Now it has emerged that the same senior garda has been appointed to investigate Whistleblower B’s allegations into the same accused officer.
Despite being informed of major concerns about the integrity of the other investigation, garda management has appointed the same man again to investigate the accused garda. All of which suggests that management regards whistleblower allegations with the same contempt as pertained previously.
The current scenario echoes somewhat with the treatment of Sergeant Maurice McCabe and former garda John Wilson back in the old days, before Nóirín O’Sullivan ushered in alleged change.
Both men were repeatedly stymied in their attempts to highlight wrongdoing, and an internal investigation into some of the allegations was subsequently exposed as a bit of a sham.
At the time of her appointment, Ms O’Sullivan emphasised that she wanted to hear about wrongdoing.
Maybe she does, but somebody making decisions at senior level doesn’t possess the same concern that the commissioner articulates about such issues.
Another matter that dogged the last days of Mr Callinan’s tenure was abuse of the penalty points system. More change was promised. Yet nearly six months after Callinan left, Sergeant McCabe produced evidence that little had changed in the system, even after O’Sullivan brought in new measures in June last year. Following another investigation, more changes were pledged, and it will be interesting to see if this brings about real change.
Ms O’Sullivan has brought about change in one area. A senior garda attached to the Garda Press Office is under criminal investigation over the leaking of information to a reporter. The senior garda was arrested earlier this year and is currently suspended from duty. Ms O’Sullivan appointed her own husband, Detective Superintendent Jim McGowan, to oversee the investigation.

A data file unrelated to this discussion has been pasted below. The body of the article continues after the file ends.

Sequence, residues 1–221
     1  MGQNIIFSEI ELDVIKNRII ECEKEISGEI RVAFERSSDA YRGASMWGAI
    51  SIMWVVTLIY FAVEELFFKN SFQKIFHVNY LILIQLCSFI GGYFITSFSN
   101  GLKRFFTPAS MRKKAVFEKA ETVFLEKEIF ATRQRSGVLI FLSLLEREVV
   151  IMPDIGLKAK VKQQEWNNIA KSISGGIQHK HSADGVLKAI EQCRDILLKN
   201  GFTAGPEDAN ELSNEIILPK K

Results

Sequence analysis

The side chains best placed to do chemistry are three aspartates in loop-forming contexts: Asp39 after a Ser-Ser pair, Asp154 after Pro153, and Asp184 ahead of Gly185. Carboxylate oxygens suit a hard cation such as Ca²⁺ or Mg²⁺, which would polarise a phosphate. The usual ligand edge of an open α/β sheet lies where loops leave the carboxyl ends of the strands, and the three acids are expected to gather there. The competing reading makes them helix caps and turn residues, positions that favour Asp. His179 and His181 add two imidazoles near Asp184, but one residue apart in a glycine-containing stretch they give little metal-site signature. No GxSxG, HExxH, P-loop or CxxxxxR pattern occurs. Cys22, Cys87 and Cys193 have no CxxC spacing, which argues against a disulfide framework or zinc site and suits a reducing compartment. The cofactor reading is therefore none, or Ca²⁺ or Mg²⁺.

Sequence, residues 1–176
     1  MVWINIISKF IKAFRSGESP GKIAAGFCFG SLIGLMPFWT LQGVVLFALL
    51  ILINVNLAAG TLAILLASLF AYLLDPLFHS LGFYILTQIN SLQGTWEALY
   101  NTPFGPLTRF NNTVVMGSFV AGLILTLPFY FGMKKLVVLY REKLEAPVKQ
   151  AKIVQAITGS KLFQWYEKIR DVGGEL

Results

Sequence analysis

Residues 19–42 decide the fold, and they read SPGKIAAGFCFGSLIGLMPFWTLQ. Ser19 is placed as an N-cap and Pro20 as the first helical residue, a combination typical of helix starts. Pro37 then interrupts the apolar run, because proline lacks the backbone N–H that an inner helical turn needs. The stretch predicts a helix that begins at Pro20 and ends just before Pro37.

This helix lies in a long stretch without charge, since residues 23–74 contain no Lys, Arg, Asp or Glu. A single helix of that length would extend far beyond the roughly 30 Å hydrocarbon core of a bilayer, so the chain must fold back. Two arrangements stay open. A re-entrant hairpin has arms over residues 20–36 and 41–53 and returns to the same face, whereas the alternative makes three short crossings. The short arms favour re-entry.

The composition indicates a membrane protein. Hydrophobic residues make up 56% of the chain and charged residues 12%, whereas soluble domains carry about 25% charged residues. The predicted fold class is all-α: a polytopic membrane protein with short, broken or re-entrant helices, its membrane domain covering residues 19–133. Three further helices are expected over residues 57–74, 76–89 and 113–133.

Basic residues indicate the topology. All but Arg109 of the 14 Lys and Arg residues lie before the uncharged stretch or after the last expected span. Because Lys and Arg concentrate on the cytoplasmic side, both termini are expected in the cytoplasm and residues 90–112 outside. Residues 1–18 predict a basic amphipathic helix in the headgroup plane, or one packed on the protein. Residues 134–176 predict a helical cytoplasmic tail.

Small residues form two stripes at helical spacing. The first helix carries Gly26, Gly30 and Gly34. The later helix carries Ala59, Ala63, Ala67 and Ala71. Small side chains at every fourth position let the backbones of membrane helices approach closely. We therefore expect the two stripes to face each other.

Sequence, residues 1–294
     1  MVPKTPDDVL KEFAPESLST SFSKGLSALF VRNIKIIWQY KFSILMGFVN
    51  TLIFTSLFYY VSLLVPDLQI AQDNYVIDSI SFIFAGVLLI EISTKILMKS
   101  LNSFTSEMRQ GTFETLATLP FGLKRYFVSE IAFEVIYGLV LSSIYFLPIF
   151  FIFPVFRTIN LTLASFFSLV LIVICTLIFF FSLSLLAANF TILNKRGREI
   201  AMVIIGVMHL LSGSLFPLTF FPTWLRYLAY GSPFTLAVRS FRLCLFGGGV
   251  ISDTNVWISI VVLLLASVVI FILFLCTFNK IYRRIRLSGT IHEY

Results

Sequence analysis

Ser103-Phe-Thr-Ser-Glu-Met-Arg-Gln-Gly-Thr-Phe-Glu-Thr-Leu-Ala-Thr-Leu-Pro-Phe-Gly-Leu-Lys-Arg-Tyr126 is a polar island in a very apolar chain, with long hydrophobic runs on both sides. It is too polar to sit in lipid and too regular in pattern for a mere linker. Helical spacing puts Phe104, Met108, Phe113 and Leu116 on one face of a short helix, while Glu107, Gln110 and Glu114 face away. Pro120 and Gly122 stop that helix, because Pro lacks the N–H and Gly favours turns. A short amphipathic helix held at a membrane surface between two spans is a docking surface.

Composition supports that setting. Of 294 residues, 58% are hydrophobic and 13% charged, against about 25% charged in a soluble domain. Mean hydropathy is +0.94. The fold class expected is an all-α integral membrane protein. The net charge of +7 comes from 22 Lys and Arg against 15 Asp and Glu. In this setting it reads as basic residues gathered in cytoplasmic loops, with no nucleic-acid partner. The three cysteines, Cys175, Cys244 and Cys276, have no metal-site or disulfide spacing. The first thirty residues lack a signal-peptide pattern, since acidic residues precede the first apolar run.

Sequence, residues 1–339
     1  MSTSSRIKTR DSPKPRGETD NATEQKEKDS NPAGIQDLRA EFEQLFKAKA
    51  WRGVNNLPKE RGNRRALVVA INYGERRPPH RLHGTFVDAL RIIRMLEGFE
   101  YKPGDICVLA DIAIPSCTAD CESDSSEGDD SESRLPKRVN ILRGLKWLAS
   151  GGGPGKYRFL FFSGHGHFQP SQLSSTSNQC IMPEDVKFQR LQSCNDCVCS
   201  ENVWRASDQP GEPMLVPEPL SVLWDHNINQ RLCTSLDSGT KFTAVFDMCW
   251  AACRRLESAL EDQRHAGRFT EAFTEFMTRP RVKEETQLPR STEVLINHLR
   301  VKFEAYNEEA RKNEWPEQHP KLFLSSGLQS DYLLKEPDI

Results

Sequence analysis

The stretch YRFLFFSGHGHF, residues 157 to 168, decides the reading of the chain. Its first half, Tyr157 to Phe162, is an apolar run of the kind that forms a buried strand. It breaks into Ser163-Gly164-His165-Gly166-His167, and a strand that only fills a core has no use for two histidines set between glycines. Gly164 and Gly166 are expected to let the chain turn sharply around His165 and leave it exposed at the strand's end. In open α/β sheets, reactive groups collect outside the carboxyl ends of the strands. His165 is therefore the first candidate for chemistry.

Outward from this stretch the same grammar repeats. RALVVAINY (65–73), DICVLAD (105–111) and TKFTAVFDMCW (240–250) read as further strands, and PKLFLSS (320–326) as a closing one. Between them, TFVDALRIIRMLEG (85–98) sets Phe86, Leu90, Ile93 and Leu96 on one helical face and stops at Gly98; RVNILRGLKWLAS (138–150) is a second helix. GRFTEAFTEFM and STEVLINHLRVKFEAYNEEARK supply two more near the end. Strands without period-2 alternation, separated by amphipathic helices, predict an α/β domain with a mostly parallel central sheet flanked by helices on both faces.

A number of senior officers have questioned why a criminal investigation rather than a disciplinary process was invoked, particularly considering that the suspect was authorised to talk to the media.
Maybe Ms O’Sullivan is displaying a heightened regard for citizens who find themselves victims of garda malpractice. Maybe not.
What will be interesting to observe is whether the investigation into the leak over pending charges for 20 or so water protestors will be pursued with the same zeal. The news of the pending charges against individuals involved in the Jobstown protest against Tánaiste Joan Burton last November was broadcast on RTÉ on August 12. Three weeks later no charges have been brought , and none of the protesters informed.
Irrespective of the validity of pressing charges, the citizens involved have had their rights violated in an appalling manner. An Garda Síochána has launched an investigation into the leak, but it remains to be seen how vigorously that probe is pursued.
Ms O’Sullivan inherited a tough job. Any attempt at objective analysis of her progress is not easy as there are many within the force — and a few in media — who have already unsheathed their knives.
Despite all that, there doesn’t seem to be much of a case to suggest that she has made any serious inroads in reforming the negative cultural elements within the force.